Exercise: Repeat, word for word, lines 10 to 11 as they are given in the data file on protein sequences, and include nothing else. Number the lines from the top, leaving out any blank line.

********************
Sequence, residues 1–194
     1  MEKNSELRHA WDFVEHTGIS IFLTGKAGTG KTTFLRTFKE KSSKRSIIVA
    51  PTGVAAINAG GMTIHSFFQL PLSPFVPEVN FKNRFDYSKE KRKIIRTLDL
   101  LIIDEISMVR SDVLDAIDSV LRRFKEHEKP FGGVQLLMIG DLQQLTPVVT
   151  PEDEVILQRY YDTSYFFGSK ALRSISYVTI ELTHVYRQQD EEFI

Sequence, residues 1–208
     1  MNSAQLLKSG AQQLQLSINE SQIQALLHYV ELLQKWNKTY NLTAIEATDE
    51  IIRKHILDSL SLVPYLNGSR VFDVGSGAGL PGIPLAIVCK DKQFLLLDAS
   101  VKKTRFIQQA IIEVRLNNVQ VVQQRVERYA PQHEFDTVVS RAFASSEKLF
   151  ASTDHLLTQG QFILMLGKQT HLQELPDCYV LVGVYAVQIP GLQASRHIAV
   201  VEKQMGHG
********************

   151  ASTDHLLTQG QFILMLGKQT HLQELPDCYV LVGVYAVQIP GLQASRHIAV
   201  VEKQMGHG